Following the DMG decision the UK Government applied to the ECJ to re-open the proceedings in the case which resulted in the judgment of 12 December 2006 (Case C‑446/04 Test Claimants in the FII Group Litigation  ECR I‑11753) in order to limit the temporal effects of that judgment. The ECJ refused that application.
In the current proceedings the Supreme Court decided unanimously that section 107 FA 2007 was incompatible with EU law, but was divided as to whether section 320 was so incompatible. It therefore referred the latter issue to the ECJ. For the purposes of that reference the Supreme Court selected as test cases the claims made on 8 September 2003 for recovery of advance corporation tax ('ACT') mistakenly paid by members of the Aegis group of companies (‘Aegis’) over the period 1973 to 1999. Under section 32(1)(c), the relevant limitation period began to run from the date of discovery of the mistake of law giving rise to the payment of the tax – that is, 8 March 2001, the date of delivery of the judgment in Metallgesellschaft and Others (Cases C-397/98 and C-410/98).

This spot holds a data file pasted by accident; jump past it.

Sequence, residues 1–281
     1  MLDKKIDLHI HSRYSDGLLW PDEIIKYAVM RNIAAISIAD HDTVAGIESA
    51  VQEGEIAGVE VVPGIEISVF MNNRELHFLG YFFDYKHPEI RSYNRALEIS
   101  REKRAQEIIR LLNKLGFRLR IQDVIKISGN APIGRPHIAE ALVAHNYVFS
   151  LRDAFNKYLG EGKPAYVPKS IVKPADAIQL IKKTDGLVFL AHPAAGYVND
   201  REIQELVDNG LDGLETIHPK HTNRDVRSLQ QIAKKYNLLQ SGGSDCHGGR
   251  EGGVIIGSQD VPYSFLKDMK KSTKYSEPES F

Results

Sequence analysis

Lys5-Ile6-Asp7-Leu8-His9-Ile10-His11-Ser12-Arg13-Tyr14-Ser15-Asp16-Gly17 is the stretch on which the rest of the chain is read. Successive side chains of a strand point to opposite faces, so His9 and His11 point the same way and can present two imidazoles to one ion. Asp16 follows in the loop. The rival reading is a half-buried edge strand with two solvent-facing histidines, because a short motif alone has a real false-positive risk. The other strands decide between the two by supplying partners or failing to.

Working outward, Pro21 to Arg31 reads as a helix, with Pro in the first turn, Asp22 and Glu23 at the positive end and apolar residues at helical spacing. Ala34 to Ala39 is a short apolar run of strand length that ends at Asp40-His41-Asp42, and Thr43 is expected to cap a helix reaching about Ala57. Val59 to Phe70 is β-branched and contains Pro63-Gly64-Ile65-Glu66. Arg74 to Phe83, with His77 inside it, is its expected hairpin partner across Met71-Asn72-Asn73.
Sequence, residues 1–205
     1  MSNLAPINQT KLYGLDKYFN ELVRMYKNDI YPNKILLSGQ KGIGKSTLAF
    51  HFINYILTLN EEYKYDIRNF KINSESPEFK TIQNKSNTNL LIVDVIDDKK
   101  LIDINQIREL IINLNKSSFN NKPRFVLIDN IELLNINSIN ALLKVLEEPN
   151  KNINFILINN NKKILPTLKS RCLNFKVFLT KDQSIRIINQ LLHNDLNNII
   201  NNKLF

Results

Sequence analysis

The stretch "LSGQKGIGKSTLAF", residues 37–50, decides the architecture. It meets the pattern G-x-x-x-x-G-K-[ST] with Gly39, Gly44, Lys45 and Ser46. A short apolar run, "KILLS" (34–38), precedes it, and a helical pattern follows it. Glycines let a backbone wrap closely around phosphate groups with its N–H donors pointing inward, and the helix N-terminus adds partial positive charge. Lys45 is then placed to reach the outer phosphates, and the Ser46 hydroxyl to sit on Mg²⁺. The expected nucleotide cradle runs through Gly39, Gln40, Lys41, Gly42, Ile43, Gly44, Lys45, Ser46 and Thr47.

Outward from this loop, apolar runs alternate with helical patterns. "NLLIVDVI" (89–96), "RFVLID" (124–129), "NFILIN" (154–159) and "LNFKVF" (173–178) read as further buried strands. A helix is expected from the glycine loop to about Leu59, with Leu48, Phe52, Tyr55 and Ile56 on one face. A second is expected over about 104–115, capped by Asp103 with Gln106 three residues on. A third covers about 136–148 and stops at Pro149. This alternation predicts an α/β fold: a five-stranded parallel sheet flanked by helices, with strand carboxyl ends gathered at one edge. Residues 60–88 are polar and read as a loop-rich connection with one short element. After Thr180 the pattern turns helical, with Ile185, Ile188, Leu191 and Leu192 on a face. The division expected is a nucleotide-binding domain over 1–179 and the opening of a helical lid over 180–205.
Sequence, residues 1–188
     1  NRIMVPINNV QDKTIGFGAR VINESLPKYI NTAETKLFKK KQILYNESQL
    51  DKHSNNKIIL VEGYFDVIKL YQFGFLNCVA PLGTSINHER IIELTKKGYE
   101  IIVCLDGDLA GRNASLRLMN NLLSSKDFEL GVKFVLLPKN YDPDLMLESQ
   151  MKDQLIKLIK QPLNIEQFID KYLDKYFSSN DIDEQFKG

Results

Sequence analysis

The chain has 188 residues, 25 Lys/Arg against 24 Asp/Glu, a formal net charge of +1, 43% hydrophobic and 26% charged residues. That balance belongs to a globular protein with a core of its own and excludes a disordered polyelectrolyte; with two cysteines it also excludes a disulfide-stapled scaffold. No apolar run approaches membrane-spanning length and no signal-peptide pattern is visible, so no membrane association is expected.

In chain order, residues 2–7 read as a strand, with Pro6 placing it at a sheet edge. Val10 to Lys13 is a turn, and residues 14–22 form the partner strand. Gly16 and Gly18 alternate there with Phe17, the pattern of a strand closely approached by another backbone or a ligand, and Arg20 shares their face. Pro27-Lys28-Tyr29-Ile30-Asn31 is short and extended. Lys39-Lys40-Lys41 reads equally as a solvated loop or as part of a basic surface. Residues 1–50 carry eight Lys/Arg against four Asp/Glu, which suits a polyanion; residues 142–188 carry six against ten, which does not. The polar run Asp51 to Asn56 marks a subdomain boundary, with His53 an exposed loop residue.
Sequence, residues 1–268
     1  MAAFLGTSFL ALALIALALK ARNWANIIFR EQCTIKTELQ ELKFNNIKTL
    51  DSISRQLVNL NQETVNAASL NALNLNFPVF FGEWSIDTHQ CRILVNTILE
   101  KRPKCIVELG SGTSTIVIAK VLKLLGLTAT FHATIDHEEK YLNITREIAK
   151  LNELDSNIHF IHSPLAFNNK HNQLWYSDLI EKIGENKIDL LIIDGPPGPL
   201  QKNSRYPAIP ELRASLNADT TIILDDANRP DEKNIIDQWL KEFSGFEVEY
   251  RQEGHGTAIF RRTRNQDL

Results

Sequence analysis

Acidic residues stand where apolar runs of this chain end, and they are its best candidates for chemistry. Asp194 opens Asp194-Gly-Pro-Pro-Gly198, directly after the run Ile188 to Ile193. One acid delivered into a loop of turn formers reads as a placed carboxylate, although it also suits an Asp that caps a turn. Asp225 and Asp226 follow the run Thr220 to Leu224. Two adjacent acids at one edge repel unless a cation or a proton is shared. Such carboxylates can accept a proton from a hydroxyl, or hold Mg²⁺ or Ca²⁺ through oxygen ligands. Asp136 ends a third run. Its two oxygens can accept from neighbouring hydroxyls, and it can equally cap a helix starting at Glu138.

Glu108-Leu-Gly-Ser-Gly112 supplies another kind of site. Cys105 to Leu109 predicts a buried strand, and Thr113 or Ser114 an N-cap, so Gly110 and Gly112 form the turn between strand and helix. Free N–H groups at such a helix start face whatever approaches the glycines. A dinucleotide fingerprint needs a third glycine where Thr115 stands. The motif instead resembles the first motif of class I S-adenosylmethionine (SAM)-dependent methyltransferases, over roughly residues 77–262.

The Supreme Court referred the following questions to the ECJ for a preliminary ruling:
- Where under the law of a Member State a taxpayer can choose between two alternative causes of action in order to claim restitution of taxes levied contrary to Articles 49 and 63 TFEU and one of those causes of action benefits from a longer limitation period, is it compatible with the principles of effectiveness, legal certainty and legitimate expectations for that Member State to enact legislation curtailing that longer limitation period without notice and retrospectively to the date of the public announcement of the proposed new legislation?